It’s that time of year again. The Hot Rod Power Tour picked up where it left off, in Bowling Green, Kentucky. In the weeks leading up to the tour I had brake work performed on the rear drums and a buddy came through for me on the stereo installation. Thanks Steve!
The excitement has been building since everyone got home from the last tour. Earlier in the year, I met Scott who planned to long haul in his 1968 Ford Torino. He had a list of upgrades to perform and it came down to the wire. He was traveling with his friend Mike who had been putting in long nights to help get the car ready.
On the morning of the event, we set off for Bowling Green. He had just finished the car 3 hours prior. He was still working out a few bugs with the 302 stroker motor and the Holley Sniper EFI was still learning. Scott joked that we had 12 hours to make a six hour drive.
The drive from Columbus, Ohio to Bowling Green, Kentucky was an adventure to say the least. We had issues ranging from odd to nearly catastrophic. The Torino wasn’t staying cool so we made stops for coolant and fan adjustments.
Outside of Cincinnati, there was an electrical issue we believed to be caused by a bad connection at the voltage regulator, but was later found to be the alternator. The alternator had a wiring issue resulting in burned wiring and alternator failure. Mike went to work cleaning up the wiring while Scott got a new alternator from the parts store. We got it back together, gassed up the cars and set sail. Auto parts store parking lot repair now checked off the Power Tour Adventure List.
At one stop, I noticed that the front left side marker had come loose and pulled away from the Cutlass. At that time the turn signals started interfering with the halo lights and headlight performance.
Back on the road, the cooling issue was still not resolved. Traffic in Covington, KY pushed operating temperatures up for both cars and the Torino didn’t seem to be moving enough air. We cooled down and pressed on.
We later pulled into a gas station to remove the electric fans and shroud. We ran into a group of Power Tour participants from West Virginia. They were making adjustments. One of the guys owns a beautiful blue 1964 Chevrolet Chevelle. He shared some of his cooling and fan experience and offered suggestions.
It seemed the setup was blocking air flow at highway speeds. The AC condenser was also removed since there wasn’t any functional air conditioning and it was positioned in front of the radiator. This was a short term solution that improved temperatures while the car was moving but put the vehicle at risk while idling in traffic.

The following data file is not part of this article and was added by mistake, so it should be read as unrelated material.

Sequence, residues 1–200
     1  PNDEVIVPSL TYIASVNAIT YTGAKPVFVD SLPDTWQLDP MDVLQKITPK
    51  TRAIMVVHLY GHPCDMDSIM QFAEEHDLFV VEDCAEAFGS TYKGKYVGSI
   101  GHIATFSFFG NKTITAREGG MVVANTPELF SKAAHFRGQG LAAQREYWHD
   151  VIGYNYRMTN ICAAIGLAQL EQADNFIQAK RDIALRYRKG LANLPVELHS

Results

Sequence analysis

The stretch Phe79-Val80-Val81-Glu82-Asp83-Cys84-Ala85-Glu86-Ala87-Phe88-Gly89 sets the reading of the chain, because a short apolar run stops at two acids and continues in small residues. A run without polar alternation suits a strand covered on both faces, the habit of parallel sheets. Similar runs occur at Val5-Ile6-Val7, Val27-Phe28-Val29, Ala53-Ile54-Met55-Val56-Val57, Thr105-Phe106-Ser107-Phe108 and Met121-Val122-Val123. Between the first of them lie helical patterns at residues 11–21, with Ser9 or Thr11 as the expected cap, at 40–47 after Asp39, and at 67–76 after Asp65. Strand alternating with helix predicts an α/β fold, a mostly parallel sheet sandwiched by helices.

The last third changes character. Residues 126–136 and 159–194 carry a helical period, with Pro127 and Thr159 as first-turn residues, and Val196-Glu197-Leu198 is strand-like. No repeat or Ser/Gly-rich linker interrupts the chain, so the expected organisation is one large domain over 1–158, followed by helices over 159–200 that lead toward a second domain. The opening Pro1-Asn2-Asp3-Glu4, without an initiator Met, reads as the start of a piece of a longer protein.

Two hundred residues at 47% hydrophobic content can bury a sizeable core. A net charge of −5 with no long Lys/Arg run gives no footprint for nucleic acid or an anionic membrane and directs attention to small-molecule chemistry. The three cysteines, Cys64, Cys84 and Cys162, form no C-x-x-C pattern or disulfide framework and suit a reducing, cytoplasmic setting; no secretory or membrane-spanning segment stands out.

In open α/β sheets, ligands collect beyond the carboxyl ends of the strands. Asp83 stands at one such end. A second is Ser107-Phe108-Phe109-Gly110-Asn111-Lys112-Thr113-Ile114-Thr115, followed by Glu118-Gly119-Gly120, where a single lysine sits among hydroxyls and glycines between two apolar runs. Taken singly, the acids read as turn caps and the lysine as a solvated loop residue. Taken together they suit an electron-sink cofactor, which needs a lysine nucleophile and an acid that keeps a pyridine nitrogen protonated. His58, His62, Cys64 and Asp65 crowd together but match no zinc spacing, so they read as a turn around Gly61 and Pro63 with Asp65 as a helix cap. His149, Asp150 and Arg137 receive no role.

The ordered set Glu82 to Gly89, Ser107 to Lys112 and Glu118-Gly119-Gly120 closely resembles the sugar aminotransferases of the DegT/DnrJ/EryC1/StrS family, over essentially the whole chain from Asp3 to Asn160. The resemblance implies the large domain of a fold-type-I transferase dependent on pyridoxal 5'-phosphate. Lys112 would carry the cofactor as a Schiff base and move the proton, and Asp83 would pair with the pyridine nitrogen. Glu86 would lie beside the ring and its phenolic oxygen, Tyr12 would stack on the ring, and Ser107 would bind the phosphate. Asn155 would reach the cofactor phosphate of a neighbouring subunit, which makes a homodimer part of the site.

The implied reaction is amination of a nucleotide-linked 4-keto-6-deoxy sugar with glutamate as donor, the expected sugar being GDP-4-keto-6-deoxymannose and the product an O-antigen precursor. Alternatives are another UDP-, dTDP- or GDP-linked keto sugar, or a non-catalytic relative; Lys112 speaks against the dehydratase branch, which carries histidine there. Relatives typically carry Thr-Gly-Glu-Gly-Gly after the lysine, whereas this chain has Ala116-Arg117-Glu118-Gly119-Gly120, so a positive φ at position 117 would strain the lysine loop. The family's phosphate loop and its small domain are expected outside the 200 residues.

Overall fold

Both cars were moving along well. Cruising along and enjoying the light weekend traffic in the hills of Kentucky. We were making up time and still on track to arrive during registration hours. Then a loud noise from inside the Torino engine bay brought us to the side of the road. It didn’t sound good.
We all feared the worst. Catastrophic failure hundreds of miles from home on the HRPT is on of the greatest fears of all participants. We checked around and didn’t see any visible damage or fluid leaking. We bumped the car over and discovered the source was on the top of the motor. We pulled both valve covers and found a broken rocker stud on the driver side. It didn’t seem to have impacted any other parts.
We limped back to the exit we passed a half mile ago. There were several gas stations and parts stores nearby so it gave us our best chance at survival. We put our heads together and called all potential resources. Scott called the manufacturer of the valve train kit while Mike and I called area auto parts stores. We discovered that it wasn’t a Ford specific part and the rocker studs are the same for most kits. The parts stores carried the parts but it was a special order item. Meaning the earliest any store could get it would be Tuesday.
Scott sent out an S.O.S. to the HRPT group on Facebook. A guy named Robert replied that he had a couple and would bring them to us from Lexington. He came through with his dad and we got the part installed. They told us about their hot rods and shared stories of engine builds and race cars in the area. His dad is an old school hot rodder and he adjusted the rocker placement by ear. Check breaking down and being helped by complete strangers off the Power Tour Adventure List.
We were about 120 miles from our destination but determined to make it. We started moving again. We ran into heavy rain and some standing water on roads but that didn’t stop us. We made it to Bowling Green. Our six hour drive had taken us twelve hours, but we persevered and shared an adventure of a lifetime.
It was a tough day, but Hot Rod Power Tour is the good, the bad, and the ugly. Power Tour is a lot like life. You go further when you surround yourself with a good group of people to encourage each other and help along the way. We all have the same goal of getting our old cars (and us) safely to the next stop.